Wednesday, 26 January 2011: 11:00 AM
2A (Washington State Convention Center)Manuscript (371.2 kB)
Real-time mesoscale surface analyses are very important to National Weather Service (NWS) forecast operations. Routine, gridded analyses provide forecasters with a spatially and temporally consistent characterization of the current weather situation at high resolution. These analyses are also used to verify other operational models within the NWS National Digital Forecast Database (NDFD) as well as the NDFD forecasts themselves. A leading NWS method to produce mesoscale (5 km and 2.5 km) surface analyses is the real time mesoscale analysis system (RTMA). The RTMA is a two-dimensional variational data assimilation system that assimilates surface observations using a prior estimate from the coarser (13km) Rapid Update Cycle (RUC) model. The RTMA does not use flow-dependent error covariances during data assimilation, a technique that has been suggested by recent studies to improve analyses. The purpose of this study is to compare surface analyses produced by an ensemble Kalman filter (EnKF), a data assimilation system that produces and uses flow-dependent covariances, to those of the RTMA.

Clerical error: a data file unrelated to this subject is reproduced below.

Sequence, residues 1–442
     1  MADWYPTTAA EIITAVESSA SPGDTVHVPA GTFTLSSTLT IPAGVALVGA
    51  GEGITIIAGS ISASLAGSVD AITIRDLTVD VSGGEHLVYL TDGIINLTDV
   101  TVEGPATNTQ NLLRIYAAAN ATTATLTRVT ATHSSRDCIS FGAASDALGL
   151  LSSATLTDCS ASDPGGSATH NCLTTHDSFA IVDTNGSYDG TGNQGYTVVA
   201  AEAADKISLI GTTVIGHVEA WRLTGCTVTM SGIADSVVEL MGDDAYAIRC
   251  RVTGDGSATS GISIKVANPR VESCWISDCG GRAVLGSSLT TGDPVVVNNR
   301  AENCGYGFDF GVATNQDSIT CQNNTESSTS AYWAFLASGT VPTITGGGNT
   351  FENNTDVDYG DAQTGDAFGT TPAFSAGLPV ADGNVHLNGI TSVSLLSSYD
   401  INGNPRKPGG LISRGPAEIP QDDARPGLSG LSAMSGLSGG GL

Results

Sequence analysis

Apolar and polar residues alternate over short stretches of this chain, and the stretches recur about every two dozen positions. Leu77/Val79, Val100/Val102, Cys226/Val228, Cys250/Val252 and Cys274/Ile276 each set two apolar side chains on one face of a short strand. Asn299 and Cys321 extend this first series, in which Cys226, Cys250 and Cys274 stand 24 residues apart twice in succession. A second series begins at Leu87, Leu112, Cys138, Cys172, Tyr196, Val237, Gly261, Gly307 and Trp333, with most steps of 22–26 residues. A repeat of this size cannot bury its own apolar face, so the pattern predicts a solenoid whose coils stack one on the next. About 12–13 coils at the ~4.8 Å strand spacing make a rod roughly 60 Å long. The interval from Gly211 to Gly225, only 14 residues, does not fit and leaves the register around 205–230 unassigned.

Surface analyses from the Gridpoint Statistical Interpolation (GSI) system, which is used to produce RTMA analyses, are first compared against analyses from the University of Washington Pacific Northwest WRF-model EnKF. This comparison involves both the 4- and 12-km EnKF and uses the same EnKF prior estimate to isolate the effects of the data assimilation system and the resolution of the background error covariances used during assimilation. Both the fit to sets of unassimilated observations and the analysis increment fields are examined here to assess the two systems.
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